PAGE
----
Probation must be applied for and receiving probation is a privilege and not a right. If the defendant applies for and accepts probation – the offender must also accept the court’s conditions or “terms” of probation. A court cannot impose a sentence to probation without the offender’s consent.
Therefore, if the defendant rejects probation, the court may sentence the offender to imprisonment under section18-1.3-104. The court has the authority to grant an offender probation comes under section 18-1.3-202.
Jail As A Condition Of Probation Is Authorized By 18-1.3-202.
A judge may impose any conditions on a defendant’s probation that are authorized under Colorado law. A judge has broad discretion to impose whatever conditions the judge believes are appropriate “to ensure that the offender leads a law-abiding life.”
“[T]he court may grant the defendant probation for such period and upon such terms and conditions as it deems best.§ 18-1.3-202”
One of the conditions of probation that may be imposed in Colorado felony cases is up to 90 days of jail as a term of probation. For misdemeanors it is up to 60 days county jail. §18-1.3-202.
Judge’s View The Purpose Of Jail As A Deterrence Of Future Crimes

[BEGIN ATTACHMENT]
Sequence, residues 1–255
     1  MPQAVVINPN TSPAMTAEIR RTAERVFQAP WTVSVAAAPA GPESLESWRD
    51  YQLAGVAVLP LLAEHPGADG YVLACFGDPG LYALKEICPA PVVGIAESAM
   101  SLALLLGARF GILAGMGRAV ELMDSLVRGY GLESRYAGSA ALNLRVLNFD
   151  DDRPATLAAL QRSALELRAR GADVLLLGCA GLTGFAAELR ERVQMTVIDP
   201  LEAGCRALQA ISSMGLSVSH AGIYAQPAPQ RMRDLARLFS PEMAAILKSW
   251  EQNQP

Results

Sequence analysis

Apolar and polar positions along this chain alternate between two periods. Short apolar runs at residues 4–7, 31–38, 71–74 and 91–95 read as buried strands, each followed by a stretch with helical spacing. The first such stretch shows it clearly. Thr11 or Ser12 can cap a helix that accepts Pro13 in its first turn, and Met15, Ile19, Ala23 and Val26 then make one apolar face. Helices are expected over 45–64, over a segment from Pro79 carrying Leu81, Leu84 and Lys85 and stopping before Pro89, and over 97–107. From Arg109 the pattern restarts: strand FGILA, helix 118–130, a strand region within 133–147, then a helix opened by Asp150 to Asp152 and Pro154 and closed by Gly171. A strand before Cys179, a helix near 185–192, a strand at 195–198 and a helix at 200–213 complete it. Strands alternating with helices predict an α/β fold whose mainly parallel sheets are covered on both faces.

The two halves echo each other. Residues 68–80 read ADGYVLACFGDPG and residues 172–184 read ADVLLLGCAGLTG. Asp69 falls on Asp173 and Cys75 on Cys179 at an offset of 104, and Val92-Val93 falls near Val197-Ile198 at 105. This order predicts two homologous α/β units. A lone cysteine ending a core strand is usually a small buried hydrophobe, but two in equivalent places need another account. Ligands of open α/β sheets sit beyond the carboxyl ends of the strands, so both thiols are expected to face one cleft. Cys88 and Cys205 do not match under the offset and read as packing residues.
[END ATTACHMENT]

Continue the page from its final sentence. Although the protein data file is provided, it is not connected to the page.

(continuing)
The Colorado Courts view probation with a condition of jail time as a deterrence “to deter future illegal activity.. . .”
Colorado Presentence Confinement Credit and Sentences Directly To Incarceration
When a defendant is NOT sentenced to probation – but rather receives a sentence directly to prison (DOC) or the county jail – this same law – Section 18-1.3-405 – requires the trial court record the amount of a felony offender’s presentence confinement on the mittimus and then directs the department of corrections (“DOC”) to deduct the period of confinement appearing on the “mittimus” (the court’s written order) from the offender’s sentence.
At the time of sentencing, a judge is required to make a finding of the exact amount of pre-sentence confinement to which the offender is entitled.
The mandatory award of pre-sentence confinement credit not only applies to an offender sentenced to DOC, it also applies to the imposition of jail for a misdemeanor under section 18-1.3-509, C.R.S. in the absence of a sentence to probation of course.
Summery – Understanding The Colorado Right To Pre-Sentence Credit In Probation Cases
Here are the words of the Colorado Supreme Court in the 2014 case of People v. Smith
“…the requirement that an offender receive PSCC does not apply to probationary sentences, even when those probationary sentences include a jail component. As a result, an offender who is sentenced to county jail as a condition of probation has no right to be credited for presentence confinement under section 18-1.3-405. Whether to credit an offender for such presentence confinement is committed to the discretion of the trial court.”
It has been my experience however that Judges WILL exercise their discretion and award pre-sentence credit the defendant even though – when granting probation – they are not mandated to do so.
Understanding The Colorado Right To Pre-Sentence Credit In Probation Cases